Although it’s most famous as the setting for Shakespeare’s Romeo and Juliet, Verona has much more to offer. Verona isn’t short of sights besides Juliet’s “balcony” and “tomb.” Northern Italy is full of beautiful towns and UNESCO World Heritage sites, and Verona is definitely on the top of that list.
The small city is located between Venice an Milano at the southeast corner of Lake Garda. It takes 4.5 hours by car from Munich on a Thursday afternoon in March. If you plan to drive Brenero at a busy weekend between May and September, it will take at least one hour longer. Actually we only stop at the toll stations along the way (€8,90 for Austria, €9,00 for Bridge of Europe and €19,00 for Italy). Please keep in mind the only Austria also covers the way back, Italy will charge that one again.
After a goods night sleep we head into the city on a beautiful sunny Spring day. The temperature already shows 16 degrees in the morning. Equipped with a tourist map, which will later proof it’s incompatibility. First sight we find is the amphitheater, Verona’s answer to Rome’s Colosseum. Built in the 1st century A.D., it actually predates the Colosseum by almost 50 years! It sill is remarkably well preserved, today it’s home to Verona’s summer opera festival. The plaza in front of the arena is filled with little stands that sell mostly souvenirs. There also is a fountain in the middle of tiny park. Just look around and you will see historic buildings and simply feel this mediterranean vibe. From here on out, we basically wander through alleyways filled with little shops of sometimes world famous brands. The map is of no use, because hardly any street is charted. Somehow we reach Piazza delle Erbe. Again, just look around you and suck in the flair of the architecture: Ancient houses, with old balconies overgrown by flowers and a lovely central fountain, this might just be the prettiest piazza in all of Italy.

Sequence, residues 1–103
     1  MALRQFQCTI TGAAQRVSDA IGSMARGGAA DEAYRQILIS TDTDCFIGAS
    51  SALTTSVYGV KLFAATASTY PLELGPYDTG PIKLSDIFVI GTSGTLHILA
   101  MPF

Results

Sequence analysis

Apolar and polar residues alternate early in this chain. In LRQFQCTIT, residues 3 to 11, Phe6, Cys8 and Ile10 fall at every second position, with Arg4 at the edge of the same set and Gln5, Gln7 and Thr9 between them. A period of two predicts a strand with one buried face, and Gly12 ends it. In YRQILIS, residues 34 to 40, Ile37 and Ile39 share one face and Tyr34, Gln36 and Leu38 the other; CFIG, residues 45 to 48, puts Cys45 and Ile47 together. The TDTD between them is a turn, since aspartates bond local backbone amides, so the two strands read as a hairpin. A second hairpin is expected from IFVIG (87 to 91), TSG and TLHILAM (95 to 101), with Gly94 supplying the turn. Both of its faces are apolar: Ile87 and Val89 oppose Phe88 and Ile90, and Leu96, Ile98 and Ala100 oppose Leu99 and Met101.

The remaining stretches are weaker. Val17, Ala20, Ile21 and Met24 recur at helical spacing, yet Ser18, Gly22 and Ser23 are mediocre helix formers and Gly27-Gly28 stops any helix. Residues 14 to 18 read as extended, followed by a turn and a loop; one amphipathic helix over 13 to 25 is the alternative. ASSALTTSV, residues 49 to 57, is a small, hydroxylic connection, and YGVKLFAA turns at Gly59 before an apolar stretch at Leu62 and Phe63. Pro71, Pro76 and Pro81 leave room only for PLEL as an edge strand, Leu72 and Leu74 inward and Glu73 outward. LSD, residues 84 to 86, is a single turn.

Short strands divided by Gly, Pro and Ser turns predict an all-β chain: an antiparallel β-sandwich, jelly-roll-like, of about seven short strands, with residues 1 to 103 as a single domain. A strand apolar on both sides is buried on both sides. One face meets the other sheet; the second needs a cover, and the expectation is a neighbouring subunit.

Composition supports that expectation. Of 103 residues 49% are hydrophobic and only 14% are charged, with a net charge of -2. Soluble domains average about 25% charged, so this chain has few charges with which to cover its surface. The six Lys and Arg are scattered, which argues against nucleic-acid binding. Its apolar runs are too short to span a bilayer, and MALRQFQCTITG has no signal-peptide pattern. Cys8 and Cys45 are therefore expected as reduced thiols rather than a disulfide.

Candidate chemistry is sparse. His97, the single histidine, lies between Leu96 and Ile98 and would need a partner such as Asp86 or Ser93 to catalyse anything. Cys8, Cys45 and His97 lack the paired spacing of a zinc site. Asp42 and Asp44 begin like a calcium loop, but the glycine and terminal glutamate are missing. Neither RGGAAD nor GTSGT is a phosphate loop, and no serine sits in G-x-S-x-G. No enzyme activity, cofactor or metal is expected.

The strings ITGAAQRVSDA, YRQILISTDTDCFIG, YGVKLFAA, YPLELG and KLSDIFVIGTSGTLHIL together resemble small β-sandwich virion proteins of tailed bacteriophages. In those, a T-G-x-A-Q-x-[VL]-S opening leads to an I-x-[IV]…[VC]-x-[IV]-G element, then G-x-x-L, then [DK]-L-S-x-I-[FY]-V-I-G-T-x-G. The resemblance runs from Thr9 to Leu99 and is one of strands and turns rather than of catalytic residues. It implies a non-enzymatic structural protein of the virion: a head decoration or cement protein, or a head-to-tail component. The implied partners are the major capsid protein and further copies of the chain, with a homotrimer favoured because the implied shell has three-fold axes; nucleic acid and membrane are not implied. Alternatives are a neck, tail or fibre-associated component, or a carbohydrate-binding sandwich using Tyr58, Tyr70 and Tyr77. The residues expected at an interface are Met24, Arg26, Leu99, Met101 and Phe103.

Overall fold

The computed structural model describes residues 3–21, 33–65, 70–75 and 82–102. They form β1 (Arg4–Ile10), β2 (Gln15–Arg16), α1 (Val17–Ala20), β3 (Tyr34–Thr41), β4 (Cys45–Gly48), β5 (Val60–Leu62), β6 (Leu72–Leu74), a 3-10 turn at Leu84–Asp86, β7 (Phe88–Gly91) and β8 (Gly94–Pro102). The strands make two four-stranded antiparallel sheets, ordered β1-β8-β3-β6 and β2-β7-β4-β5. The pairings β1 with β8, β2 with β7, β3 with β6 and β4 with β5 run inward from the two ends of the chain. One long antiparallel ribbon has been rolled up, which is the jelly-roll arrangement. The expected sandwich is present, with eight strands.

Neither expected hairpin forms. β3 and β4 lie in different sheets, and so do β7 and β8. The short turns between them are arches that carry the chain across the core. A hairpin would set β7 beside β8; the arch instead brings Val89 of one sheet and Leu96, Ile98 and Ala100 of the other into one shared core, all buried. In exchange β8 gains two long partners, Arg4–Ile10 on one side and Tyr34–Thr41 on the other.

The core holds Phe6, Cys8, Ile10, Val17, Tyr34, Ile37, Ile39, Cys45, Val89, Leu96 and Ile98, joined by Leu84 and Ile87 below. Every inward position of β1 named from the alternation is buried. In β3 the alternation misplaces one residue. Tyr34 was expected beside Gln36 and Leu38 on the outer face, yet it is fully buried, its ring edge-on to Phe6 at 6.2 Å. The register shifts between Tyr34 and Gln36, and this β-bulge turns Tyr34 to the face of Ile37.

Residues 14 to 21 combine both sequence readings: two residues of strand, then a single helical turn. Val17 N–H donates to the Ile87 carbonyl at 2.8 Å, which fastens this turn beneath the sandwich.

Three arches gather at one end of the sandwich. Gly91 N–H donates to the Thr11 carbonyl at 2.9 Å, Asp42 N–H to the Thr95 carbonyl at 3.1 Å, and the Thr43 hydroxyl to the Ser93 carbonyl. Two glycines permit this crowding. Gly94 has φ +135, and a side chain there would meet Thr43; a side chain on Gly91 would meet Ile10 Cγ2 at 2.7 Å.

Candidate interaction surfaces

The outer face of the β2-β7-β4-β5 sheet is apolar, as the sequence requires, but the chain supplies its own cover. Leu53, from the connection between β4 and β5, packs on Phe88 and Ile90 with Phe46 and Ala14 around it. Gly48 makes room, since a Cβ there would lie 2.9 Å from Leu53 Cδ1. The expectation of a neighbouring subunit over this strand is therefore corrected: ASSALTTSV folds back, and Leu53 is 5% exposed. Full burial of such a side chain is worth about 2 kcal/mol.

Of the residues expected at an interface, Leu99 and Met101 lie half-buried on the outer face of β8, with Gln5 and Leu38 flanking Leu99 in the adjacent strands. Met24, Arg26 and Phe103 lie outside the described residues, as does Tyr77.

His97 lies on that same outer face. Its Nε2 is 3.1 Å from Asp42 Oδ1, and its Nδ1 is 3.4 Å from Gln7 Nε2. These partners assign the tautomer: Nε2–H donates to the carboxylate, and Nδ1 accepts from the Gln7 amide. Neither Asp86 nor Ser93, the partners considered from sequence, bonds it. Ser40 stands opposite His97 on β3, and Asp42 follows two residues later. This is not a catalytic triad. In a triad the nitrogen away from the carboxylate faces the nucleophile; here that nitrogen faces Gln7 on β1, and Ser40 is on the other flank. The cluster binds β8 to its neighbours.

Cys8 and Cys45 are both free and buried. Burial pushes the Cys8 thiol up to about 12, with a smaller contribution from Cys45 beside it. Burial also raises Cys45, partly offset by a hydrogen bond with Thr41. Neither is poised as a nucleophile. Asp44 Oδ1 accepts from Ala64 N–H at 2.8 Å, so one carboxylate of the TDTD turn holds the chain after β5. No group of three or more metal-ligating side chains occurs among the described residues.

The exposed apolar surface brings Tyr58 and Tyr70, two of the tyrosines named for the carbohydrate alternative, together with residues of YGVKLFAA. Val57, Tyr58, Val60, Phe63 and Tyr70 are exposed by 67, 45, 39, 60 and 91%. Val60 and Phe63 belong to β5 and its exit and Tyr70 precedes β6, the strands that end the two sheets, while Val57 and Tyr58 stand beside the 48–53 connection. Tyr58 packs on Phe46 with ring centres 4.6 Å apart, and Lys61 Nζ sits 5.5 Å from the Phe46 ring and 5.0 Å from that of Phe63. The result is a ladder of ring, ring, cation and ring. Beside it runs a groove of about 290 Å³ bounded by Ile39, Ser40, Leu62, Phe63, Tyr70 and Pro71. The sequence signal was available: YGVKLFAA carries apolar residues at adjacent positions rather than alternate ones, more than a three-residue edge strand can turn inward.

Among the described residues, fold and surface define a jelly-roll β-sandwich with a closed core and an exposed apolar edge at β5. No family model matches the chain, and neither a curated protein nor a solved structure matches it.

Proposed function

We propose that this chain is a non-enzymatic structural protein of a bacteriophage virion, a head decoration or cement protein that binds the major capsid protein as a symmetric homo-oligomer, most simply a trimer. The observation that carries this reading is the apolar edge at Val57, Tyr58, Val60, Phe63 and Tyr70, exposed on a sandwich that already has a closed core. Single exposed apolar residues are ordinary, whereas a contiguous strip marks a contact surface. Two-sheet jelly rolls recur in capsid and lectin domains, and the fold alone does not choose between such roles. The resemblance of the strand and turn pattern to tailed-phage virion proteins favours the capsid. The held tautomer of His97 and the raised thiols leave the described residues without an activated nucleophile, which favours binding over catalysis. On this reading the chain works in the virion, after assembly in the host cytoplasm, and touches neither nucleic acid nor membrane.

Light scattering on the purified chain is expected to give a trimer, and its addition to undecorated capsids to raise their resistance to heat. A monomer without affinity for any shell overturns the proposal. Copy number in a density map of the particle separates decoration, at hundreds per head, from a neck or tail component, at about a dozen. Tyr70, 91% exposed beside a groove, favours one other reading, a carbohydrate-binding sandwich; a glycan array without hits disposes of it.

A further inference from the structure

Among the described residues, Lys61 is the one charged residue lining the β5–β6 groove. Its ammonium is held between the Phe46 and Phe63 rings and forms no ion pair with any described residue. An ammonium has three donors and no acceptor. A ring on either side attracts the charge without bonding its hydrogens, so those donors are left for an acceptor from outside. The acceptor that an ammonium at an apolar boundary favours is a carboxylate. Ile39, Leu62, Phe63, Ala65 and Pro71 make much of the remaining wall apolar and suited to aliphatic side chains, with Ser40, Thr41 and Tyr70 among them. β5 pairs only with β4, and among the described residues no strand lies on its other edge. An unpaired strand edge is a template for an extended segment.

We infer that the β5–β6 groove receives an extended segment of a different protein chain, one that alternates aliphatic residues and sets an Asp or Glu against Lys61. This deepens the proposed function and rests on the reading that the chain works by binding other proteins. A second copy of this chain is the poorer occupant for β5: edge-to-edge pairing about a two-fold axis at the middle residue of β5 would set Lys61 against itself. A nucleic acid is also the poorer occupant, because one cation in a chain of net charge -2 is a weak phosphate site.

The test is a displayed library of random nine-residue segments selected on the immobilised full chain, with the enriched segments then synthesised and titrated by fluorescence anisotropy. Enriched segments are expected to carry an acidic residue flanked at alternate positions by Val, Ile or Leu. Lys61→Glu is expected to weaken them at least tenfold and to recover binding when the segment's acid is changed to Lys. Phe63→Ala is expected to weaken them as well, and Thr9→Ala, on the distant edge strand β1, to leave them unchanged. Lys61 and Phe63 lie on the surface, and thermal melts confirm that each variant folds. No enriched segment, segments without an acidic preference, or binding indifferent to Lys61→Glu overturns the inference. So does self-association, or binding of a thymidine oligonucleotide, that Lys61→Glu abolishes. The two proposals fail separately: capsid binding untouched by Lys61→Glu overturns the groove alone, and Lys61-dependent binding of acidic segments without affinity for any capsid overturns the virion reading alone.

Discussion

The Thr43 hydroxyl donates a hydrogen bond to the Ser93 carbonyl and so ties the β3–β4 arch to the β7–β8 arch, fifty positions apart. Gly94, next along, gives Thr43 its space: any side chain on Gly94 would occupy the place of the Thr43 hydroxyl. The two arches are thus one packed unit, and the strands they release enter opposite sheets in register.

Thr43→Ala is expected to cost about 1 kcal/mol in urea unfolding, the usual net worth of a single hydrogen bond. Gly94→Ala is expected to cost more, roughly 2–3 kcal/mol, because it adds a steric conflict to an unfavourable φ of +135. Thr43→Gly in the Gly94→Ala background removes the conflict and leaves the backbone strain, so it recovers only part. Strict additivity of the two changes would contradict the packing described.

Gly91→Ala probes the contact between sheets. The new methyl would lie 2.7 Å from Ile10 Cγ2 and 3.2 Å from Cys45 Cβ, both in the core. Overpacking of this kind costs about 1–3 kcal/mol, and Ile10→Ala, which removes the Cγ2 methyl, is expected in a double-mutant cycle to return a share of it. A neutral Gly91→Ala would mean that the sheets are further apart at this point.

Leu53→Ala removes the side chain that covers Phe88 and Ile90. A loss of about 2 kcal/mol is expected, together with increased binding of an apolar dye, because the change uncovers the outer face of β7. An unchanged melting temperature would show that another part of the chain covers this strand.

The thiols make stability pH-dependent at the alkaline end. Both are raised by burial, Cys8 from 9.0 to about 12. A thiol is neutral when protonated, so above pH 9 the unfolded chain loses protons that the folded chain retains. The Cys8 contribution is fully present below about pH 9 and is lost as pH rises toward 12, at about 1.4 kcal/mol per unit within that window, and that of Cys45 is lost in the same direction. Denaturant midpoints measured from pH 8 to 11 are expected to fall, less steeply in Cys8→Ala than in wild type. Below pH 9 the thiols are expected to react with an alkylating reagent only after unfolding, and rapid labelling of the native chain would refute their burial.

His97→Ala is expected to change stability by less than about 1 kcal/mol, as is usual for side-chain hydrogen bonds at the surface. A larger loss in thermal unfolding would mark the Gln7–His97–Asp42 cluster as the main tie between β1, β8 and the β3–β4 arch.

Verona’s main cathedral, or Duomo, is stunning. But it is closed due to renovation. From here it is only a 5 minutes walk to the (!) best bridge across the river , Ponte de Pietra. Up the hill at Castle San Pietro, the view over the city is magnificent. Unfortunately it is very hazy today. As we learn later that day, Lake Garda is the source of all the mist. One can spot Ponte de Pietra, Duomo, Arena and also Castlevecchio, where we go next. Alongside the river we walk for 15 minutes until we clearly see the fortress from 14th-century with its seven towers.